New paper published in the Perspectives on Psychological Science.
Abstract: Humans operate in groups that are oftentimes nested in multilayered collectives such as work units within departments and companies, neighborhoods within cities, and regions within nation states. With psychological science mostly focusing on proximate reasons for individuals to join existing groups and how existing groups function, we still poorly understand why groups form ex nihilo, how groups evolve into complex multilayered social structures, and what explains fission–fusion dynamics. Here we address group formation and the evolution of social organization at both the proximate and ultimate level of analysis. Building on models of fitness interdependence and cooperation, we propose that socioecologies can create positive interdependencies among strangers and pave the way for the formation of stable coalitions and groups through reciprocity and reputation-based partner selection. Such groups are marked by in-group bounded, parochial cooperation together with an array of social institutions for managing the commons, allowing groups to scale in size and complexity while avoiding the breakdown of cooperation. Our analysis reveals how distinct group cultures can endogenously emerge from reciprocal cooperation, shows that social identification and group commitment are likely consequences rather than causes of group cooperation, and explains when intergroup relations gravitate toward peaceful coexistence, integration, or conflict.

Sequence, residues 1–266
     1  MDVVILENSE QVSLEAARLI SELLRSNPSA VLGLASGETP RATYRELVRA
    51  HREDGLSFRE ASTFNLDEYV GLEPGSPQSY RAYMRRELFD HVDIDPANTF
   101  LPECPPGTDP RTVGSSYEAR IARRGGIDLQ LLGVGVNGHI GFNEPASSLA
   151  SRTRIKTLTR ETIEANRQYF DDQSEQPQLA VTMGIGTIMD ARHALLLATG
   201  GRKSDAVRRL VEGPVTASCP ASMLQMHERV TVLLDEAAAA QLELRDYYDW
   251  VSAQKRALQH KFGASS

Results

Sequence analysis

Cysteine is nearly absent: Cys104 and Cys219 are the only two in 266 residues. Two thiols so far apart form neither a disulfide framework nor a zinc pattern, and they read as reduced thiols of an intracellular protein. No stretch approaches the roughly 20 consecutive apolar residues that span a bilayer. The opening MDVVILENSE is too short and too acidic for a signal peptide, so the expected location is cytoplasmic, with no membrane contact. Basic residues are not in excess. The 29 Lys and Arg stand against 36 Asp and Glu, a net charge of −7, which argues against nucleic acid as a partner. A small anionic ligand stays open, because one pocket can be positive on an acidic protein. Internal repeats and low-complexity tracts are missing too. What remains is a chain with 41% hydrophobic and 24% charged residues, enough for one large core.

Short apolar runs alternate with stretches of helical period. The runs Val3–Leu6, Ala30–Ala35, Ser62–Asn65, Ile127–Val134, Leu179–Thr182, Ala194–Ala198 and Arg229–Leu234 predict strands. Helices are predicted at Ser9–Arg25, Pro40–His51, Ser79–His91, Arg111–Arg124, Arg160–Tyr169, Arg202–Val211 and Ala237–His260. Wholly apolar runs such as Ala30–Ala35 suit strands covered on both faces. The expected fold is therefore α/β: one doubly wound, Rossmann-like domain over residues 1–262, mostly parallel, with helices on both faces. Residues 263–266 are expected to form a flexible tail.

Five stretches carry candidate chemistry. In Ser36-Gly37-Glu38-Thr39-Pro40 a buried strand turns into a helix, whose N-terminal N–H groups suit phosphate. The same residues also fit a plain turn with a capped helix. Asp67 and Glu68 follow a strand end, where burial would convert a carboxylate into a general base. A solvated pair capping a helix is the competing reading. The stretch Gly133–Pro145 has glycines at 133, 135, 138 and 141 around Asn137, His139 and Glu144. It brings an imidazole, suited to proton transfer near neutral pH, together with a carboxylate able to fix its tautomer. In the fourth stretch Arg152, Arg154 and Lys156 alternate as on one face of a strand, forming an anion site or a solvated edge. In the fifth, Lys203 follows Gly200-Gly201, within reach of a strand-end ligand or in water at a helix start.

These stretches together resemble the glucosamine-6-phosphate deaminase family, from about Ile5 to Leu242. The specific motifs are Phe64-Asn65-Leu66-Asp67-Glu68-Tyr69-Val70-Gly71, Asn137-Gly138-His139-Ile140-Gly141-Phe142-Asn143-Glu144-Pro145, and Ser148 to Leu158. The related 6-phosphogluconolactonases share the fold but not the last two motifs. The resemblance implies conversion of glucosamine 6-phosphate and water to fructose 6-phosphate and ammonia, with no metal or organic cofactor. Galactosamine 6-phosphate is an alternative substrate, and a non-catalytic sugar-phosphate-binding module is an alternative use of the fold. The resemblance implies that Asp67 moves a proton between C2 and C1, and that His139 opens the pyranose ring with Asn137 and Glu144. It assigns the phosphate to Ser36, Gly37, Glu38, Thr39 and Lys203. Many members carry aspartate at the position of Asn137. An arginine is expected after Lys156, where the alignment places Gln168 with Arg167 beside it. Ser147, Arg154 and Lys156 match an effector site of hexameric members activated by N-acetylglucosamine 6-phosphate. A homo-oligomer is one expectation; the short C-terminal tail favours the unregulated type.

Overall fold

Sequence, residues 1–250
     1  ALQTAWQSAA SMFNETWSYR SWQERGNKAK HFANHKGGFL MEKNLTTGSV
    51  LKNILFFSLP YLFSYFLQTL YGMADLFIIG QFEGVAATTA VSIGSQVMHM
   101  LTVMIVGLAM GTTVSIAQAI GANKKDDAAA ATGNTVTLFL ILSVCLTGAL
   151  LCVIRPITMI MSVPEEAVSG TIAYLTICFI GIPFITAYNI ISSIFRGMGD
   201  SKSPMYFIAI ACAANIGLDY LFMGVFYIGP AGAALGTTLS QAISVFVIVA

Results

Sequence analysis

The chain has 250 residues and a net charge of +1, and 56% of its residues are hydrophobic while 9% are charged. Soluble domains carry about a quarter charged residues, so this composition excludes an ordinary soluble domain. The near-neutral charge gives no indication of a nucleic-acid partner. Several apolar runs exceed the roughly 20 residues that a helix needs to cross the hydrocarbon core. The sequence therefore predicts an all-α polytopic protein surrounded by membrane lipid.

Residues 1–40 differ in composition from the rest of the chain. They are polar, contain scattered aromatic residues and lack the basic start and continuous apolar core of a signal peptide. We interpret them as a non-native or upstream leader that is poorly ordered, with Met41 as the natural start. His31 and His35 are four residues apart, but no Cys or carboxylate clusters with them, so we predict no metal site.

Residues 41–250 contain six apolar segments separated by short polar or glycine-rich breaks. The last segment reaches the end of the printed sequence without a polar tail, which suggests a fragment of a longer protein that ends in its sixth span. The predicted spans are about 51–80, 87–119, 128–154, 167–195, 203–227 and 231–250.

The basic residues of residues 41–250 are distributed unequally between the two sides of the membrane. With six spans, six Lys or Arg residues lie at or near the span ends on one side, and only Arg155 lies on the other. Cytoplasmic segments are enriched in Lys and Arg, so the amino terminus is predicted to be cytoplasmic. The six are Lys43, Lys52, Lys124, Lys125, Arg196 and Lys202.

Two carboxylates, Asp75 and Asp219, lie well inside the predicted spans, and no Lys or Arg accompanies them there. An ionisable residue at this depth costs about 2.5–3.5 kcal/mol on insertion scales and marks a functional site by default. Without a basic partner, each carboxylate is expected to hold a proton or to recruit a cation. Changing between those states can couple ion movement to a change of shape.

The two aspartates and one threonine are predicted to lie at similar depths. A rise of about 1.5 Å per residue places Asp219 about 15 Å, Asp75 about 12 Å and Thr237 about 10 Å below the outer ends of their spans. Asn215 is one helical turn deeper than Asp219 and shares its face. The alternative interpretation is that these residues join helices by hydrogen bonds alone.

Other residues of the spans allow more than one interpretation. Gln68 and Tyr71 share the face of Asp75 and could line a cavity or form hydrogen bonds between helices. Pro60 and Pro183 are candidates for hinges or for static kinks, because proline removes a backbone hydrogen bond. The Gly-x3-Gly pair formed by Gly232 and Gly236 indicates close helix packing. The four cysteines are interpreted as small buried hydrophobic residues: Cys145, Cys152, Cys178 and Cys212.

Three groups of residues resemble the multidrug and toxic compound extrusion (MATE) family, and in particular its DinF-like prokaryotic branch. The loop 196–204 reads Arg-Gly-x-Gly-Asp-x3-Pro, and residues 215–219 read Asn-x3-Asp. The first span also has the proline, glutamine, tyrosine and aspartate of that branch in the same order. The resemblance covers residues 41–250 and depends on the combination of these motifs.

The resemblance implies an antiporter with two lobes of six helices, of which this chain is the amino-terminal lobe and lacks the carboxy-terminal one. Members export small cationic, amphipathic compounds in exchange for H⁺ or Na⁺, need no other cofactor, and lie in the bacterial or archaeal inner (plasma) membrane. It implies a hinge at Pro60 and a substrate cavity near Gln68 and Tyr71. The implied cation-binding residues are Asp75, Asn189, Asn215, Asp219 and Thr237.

Reference: De Dreu, C. K. W., Gross, J., & Romano, A. (2023). Group Formation and the Evolution of Human Social Organization. Perspectives on Psychological Science.